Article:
We recently asked Mat Eames of Rocket Consulting to host an online Q&A to address the biggest questions surrounding SAP WM and EWM. Check out the transcript from this Q&A session and see whether your questions were answered.
Mat will be one of the featured speakers at SAPinsider’s SAP SCM 2014 conference in Nice, France May 14-16. For more info on the event, visit our website at Logistics & SCM, PLM, Manufacturing, and Procurement 2014 and follow us on Twitter @InsiderSCM
How do you see SAP-EWM evolve in next 10 years? Will it be used only for complex distribution centers or will it also be used in general less complex warehouses?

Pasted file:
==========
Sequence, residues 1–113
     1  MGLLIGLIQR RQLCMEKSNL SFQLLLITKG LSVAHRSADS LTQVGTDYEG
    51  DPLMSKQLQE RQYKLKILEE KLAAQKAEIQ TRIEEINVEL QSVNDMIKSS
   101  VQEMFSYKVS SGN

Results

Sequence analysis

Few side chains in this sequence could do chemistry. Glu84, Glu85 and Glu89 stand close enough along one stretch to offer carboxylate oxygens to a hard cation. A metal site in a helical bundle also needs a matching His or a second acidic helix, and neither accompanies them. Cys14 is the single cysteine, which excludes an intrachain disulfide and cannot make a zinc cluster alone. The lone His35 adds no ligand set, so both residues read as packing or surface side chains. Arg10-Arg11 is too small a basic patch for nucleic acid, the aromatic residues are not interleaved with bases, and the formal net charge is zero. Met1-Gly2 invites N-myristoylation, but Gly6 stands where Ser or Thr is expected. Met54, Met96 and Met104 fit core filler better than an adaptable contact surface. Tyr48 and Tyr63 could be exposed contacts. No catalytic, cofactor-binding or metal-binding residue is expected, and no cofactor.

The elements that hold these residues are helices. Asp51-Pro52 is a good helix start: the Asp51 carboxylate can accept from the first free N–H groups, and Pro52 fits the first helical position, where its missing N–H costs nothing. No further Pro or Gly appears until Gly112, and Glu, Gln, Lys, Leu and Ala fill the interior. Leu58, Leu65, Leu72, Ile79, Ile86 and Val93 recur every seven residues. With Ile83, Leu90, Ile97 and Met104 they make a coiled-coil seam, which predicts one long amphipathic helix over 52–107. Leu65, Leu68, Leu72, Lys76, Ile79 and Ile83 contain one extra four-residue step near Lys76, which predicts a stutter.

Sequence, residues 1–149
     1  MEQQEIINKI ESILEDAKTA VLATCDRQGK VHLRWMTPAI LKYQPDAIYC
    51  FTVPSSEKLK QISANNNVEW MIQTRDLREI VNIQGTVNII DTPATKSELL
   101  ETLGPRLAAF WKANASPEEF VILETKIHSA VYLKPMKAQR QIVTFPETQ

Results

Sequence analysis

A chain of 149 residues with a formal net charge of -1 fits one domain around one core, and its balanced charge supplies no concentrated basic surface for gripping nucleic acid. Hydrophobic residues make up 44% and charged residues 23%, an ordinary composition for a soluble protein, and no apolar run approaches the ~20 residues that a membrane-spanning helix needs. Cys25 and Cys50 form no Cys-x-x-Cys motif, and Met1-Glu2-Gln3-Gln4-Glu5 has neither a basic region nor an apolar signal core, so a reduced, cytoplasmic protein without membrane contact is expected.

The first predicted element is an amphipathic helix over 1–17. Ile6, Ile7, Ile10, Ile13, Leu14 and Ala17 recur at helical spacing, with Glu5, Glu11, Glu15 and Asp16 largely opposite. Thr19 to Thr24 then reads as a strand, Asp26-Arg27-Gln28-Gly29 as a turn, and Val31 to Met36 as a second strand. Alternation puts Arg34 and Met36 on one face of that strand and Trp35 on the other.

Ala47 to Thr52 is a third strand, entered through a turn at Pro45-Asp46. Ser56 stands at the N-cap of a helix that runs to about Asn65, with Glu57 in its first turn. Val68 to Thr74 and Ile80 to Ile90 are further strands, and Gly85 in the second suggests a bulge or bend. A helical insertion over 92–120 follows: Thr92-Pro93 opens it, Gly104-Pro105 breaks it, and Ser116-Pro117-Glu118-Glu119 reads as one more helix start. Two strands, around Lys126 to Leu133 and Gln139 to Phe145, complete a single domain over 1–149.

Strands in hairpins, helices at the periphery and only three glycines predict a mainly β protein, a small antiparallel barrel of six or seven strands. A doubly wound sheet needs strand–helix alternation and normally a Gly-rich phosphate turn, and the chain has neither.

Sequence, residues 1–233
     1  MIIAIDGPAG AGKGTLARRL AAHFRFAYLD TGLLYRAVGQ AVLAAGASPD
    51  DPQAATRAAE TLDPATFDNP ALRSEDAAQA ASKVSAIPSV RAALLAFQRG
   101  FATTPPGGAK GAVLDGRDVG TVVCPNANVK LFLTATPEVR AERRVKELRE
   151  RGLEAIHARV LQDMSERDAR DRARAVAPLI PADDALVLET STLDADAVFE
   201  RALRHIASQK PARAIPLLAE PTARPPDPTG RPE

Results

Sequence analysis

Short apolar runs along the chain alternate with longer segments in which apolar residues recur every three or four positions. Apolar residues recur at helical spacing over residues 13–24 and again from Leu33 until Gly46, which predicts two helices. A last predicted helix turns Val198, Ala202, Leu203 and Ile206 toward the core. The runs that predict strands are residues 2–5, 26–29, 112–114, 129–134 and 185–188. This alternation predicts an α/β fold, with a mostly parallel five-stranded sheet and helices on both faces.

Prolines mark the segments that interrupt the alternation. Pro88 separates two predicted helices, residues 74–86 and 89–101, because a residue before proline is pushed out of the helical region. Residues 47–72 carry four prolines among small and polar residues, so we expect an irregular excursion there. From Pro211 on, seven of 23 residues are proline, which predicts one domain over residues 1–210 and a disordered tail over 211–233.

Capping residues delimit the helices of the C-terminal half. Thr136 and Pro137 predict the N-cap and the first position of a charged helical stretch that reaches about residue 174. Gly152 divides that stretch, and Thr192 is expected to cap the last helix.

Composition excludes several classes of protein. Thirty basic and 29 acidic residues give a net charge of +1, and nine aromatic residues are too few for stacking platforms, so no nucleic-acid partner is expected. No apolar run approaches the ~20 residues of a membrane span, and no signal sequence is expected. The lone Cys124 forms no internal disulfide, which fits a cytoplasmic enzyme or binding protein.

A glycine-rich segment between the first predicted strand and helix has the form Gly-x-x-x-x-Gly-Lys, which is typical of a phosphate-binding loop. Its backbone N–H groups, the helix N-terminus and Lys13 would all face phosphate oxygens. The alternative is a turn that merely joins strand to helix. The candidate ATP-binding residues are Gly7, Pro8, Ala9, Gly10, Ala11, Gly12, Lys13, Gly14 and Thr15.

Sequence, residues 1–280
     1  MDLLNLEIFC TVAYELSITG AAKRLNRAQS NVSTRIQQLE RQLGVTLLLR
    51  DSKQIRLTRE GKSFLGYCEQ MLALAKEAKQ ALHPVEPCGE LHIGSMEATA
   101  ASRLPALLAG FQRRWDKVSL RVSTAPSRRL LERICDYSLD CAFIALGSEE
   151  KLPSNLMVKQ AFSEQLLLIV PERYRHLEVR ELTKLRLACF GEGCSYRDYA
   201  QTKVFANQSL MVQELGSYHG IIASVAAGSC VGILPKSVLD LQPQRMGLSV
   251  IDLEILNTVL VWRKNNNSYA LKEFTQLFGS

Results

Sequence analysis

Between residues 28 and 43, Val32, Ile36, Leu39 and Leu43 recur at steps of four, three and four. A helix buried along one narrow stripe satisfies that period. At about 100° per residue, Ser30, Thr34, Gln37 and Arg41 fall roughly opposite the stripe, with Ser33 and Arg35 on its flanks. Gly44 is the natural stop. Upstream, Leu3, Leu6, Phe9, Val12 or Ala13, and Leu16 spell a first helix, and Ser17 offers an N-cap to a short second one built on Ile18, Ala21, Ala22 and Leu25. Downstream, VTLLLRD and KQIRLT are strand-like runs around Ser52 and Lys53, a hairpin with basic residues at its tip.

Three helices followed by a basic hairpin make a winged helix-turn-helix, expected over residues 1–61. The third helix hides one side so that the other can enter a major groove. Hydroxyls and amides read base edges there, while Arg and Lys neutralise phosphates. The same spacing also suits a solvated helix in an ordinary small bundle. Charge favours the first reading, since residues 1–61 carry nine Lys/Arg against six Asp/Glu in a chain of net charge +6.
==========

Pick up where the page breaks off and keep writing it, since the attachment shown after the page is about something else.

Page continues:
Mat Eames: EWM is part of the strategic roadmap that SAP has set out for supply chain execution. This means that EWM will continue to develop and expand its footprint and functionality. EWM 9.1 is coming out of ramp up and 9.2 is about to start pre-release testing.
Functionality will only be one factor in the decision as to who implements it. Whilst it can be argued that less complex DCs don’t need all of the functionality EWM offers, you have to consider other factors in the decision. Are the requirements of your operation fixed for the next few years? Are there likely to be any factors (acquisitions or new customers) that mean you need to be able to change how you work quickly and effectively? Are you likely to need to integrate new technology into your landscape? How much does your existing WMS landscape cost to maintain and support today and tomorrow?
All these factors need to be reviewed by anyone considering changing their WMS.
Comment From Mariana: Is WM going to disappear?